Pint-sized Helsinki has quite the reputation as a quirky city. This 16th-century metropolis is Finland’s capital and biggest city. It comes with an abundance of lakes, a tortured coastline of bays and inlets, an archipelago of 330 islands, splendid “human modernism” architecture created by designer Alvar Aalto and the general ability to excel in the world of no-fuss design.
Why visit Helsinki in the Spring
There’s only a very short Spring window in Helsinki and it is heralded by clear skies just about long enough for the city to replenish its large stretches of grassy green parks and trees to finally shoot out their leaves. Its expansive Central Park just outside the city center is particularly beautiful at this time. Temperatures begin to reach 10°C (50°F) or even more.
On May 1st the Vappu festival takes place – not just in Helsinki but throughout the country. It’s the Memorial Day of Saint Labor and students and ex-students don their white student hats and make a lot of noise with whistles, wear baubles while drinking the traditional Sima (Mead) and nibble Finnish fritters traditionally eaten on May Day.
Get there in early June and you may think you are in Rio. The city has its own Carnaval with a samba parade, dancers and music akin to the Carnaval in Brazil.
Why visit Helsinki in the Summer
Summer in Helsinki (July and August) is peak time for holiday-makers. Temperatures can reach a comfortable 20 °C (68 °F) and café culture is at its height and the beaches and parks are dotted with humanity. Generally lasting two months, at this time the sun sets very late, and even as the day turns into dusk and then into dawn, the hues don’t change that much.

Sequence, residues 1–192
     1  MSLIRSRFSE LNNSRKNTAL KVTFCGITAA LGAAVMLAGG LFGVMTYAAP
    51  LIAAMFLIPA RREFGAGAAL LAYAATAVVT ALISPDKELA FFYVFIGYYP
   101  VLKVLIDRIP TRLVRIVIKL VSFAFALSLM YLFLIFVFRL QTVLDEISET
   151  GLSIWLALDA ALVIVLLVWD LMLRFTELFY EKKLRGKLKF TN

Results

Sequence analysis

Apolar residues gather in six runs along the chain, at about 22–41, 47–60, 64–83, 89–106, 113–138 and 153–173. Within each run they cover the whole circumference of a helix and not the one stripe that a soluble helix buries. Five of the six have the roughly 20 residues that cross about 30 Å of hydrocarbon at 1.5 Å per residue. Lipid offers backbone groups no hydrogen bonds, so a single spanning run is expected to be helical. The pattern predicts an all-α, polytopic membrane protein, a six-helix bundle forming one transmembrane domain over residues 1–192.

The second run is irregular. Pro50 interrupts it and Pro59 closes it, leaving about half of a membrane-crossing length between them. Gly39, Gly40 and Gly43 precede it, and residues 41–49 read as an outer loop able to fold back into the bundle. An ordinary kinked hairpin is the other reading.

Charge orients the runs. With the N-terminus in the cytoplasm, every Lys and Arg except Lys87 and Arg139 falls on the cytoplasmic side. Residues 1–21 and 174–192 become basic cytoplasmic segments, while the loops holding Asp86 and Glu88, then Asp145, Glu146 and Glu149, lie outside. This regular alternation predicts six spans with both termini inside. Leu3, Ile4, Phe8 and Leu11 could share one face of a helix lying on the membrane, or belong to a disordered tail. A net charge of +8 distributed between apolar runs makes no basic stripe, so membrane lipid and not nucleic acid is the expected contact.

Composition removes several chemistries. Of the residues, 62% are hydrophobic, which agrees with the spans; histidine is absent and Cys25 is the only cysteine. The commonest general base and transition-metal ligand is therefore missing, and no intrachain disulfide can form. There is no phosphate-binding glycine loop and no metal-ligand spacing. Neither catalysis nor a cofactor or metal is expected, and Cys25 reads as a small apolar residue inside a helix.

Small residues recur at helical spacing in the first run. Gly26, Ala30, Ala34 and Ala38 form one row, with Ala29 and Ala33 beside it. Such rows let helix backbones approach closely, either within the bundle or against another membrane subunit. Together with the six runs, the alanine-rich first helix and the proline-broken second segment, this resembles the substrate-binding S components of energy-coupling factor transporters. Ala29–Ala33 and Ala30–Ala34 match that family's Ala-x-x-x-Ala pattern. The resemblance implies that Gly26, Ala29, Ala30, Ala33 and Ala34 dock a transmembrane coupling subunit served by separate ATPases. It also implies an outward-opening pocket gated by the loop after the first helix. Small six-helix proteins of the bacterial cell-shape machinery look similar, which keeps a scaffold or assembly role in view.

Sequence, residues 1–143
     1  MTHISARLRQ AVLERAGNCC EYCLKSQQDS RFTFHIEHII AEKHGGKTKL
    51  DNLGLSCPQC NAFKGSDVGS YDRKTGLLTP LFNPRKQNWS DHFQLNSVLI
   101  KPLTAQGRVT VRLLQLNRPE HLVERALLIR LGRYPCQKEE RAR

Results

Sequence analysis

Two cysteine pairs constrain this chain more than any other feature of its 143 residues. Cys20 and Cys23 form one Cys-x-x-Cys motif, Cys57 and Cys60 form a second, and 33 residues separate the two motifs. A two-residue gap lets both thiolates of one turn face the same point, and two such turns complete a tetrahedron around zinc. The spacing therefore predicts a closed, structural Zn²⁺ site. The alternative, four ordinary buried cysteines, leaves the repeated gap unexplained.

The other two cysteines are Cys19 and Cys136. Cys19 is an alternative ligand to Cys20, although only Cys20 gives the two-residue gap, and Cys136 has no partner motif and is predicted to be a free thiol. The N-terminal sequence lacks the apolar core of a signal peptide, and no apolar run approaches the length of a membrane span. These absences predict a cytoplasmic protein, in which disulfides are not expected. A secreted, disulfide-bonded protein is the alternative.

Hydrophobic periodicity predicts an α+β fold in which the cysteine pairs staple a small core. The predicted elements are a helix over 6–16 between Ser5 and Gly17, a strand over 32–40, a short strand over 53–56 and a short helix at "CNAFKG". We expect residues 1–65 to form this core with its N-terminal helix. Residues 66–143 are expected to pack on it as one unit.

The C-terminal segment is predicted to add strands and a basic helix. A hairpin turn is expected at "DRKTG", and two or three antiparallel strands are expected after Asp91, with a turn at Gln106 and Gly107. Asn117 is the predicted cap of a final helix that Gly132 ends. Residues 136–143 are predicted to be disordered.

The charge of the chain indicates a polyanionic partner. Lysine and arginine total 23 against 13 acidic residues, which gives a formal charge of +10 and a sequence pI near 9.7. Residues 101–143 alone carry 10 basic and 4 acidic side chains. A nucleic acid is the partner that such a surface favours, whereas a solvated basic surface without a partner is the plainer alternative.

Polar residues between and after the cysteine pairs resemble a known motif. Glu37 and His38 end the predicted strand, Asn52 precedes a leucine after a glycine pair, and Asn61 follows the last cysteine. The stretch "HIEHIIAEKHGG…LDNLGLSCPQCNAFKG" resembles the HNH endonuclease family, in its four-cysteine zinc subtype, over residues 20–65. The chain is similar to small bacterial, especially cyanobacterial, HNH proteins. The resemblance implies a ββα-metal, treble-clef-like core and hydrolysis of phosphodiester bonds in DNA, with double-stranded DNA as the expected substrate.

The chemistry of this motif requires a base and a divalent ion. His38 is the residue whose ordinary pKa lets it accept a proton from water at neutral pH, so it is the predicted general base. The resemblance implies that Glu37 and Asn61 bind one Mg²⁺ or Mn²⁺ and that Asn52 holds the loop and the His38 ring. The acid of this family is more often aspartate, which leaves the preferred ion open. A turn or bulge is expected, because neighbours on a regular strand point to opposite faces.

Why visit Helsinki in the Winter
Helsinki is located in the northern reaches of the world and it’s seriously cold at this time of year. In January and February temperatures can dip minus 6 °C (22 °F) but as the Helsinki peninsular just out into the sea, it feels colder – sometimes −20 °C (−4 °F) because of the wind chill and humidity.
There’s often a drizzle of snow which turns into slush particularly in November and December, less so in January and February where it’s still cold but at least the sun breaks out from time to time. Still the days are short.
But it’s not all grey and gloom. January sees the cheery light installations of Lux Helsinki that brighten up the city from 5 pm to 10 pm for several nights. The stage for the event will be in the district of Kaartinkaupunki.
Then in February, there is the Helsinki Burlesque Festival. Many turn up in a fancy dress to watch both men and women and their saucy stage entertainment.
Ice skating is particularly popular at this time. The ice rink is in the middle of the city right by the Central Railway Station but there’s also one on the Tuusulanjärvi lake and another on the sea off Vuosaari.